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The Truth, Mainly - 02/27/2006

Heating our house with what?

“Wake up, Bozo,” the dog tells me at 3:13 a.m. “I’ve got good news.”

It’s Ned again, the one-eyed beagle with the headstrong personality and the mismatched jaws. Or at least the ghost of Ned. In his ultimate act of disobedience, he died six years ago, but he occasionally visits us in the middle of the night to resume giving us orders.

“What is it this time?” I say. “What’s so important that you wake me up at 3:13 a.m.?”

“Like you never woke me up when I was asleep,” he says. “To chase a ball if I remember right. To chase a ball and bring it back to you, wagging my tail as if this was more fun than anything. You woke me up on your schedule. I wake you up on my schedule.”

“Yeah, yeah,” I say, and close my eyes so he’ll go back to wherever it was he came from.

But he licks me in the face—wet licks full of ethereal saliva. I try to bop him on the head, but it’s like bopping smoke.

“OK,” I say. “Once more, you win. What is it this time?”

“A clipping,” he says. “A clipping from last Wednesday’s Journal Star. Page 4A.”

He gives me a slobbery piece of newsprint headlined “San Francisco is looking into the power of dog doo.” “Dog doo?” I say. “You wake me up at 3:13 a.m. to tell me about dog doo?”

“Look at this,” he says, pointing to the sub-head with his paw.

It says “In pilot program, pet waste will be used to create methane gas.”

“Methane gas?” I say. “Isn’t that what you liked to pollute the inside of the car with when you wanted us to roll down a window so you could stick your head out and breathe sub-zero air?”

“That’s it,” he says, grinning as well as a beagle can grin. “But look at what San Francisco is doing with the methane gas from the dog doo.”

So I read the Journal-Star story. The opening paragraph says “City officials are hoping to harness the power of dog doo.” And it goes on from there to say “in this dog-friendly town, animal feces make up nearly 4 percent of residential waste, or 6,500 tons a year.”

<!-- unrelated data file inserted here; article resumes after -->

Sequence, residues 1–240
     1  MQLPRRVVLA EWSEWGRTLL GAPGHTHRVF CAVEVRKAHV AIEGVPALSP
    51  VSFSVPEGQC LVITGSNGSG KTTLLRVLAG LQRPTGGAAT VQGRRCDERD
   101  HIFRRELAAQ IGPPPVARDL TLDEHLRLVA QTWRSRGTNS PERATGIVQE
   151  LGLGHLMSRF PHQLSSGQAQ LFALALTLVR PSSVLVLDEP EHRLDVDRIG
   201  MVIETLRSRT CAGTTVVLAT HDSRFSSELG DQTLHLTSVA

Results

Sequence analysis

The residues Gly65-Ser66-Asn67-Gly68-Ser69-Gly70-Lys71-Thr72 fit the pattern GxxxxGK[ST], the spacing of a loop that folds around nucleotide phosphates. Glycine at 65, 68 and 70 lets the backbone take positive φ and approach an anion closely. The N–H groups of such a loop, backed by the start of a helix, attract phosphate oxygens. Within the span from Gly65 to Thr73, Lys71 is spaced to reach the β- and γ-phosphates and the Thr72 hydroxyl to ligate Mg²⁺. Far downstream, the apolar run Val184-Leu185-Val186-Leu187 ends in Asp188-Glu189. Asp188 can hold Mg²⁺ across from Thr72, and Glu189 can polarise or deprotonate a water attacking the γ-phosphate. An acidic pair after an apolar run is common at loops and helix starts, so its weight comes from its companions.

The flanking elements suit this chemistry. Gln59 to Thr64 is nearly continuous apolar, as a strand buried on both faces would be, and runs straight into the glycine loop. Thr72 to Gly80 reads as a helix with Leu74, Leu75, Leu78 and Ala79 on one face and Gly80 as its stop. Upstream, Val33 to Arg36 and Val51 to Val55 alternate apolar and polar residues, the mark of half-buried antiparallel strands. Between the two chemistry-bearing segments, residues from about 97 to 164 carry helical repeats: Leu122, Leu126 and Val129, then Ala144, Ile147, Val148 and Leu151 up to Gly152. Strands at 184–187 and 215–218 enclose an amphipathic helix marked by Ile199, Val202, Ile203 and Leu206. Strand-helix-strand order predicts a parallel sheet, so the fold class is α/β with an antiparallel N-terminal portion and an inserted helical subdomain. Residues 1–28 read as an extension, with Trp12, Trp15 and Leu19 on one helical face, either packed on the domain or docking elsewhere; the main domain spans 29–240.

“Gross,” I say.

“Keep reading, Bozo,” Ned says, “or I may pass some gas. I can do it at will, you remember.”

I do remember, so I keep reading. The dog doo “will be tossed into a contraption called a methane digester, which is basically a tank in which bacteria feed on feces for weeks to create methane gas. The methane could then be piped directly to a gas stove, heater, turbine or anything else powered by natural gas. It can also be used to generate electricity.”

The Truth, Mainly


“How about them apples?” Ned says, grinning a beagle grin.

“It’ll be a cold day in hell,” I say, “before I warm myself or my house with dog doo.”

“If it’s good enough for San Francisco,” Ned says, “it’s good enough for Lincoln. Did I tell you that in dog heaven we keep warm by burning methane gas made from people doo?”

“That’s obscene,” I say.

“And did I tell you,” Ned says, “that in dog heaven we put collars and leashes on people and take them for walks? They seem to like it. You’ve got a lot to look forward to.”

“One more thing,” I say. “When did you learn to speak English?”

“When I was about three months old,” he says, “but I didn’t speak it around humans. You’d have put me in a cornball teevee show. It was at about the time you bought that book, ‘How to Discipline Your Beagle.’”

“Oh yeah,” I say. “The book that recommended shooting you with a water gun when you were doing things you weren’t supposed to do.”

“That’s the one,” he says, “the plastic water gun that I chewed into tiny pieces after you shot me with it a couple of times. I was a precocious pup.” With that, Ned audibly passes some methane, then begins fading away. By the time he’s completely gone, I’m shivering from the cold.

I get out of bed and kick up the thermostat. I hear the natural gas ignite, but it doesn’t seem to put out as much heat as I need. I get back under the covers and shiver myself to sleep.


Retired English Professor Leon Satterfield writes to salvage clarity from his confusion. His column appears on alternate Mondays. His e-mail address is: leonsatterfield@earthlink.net.


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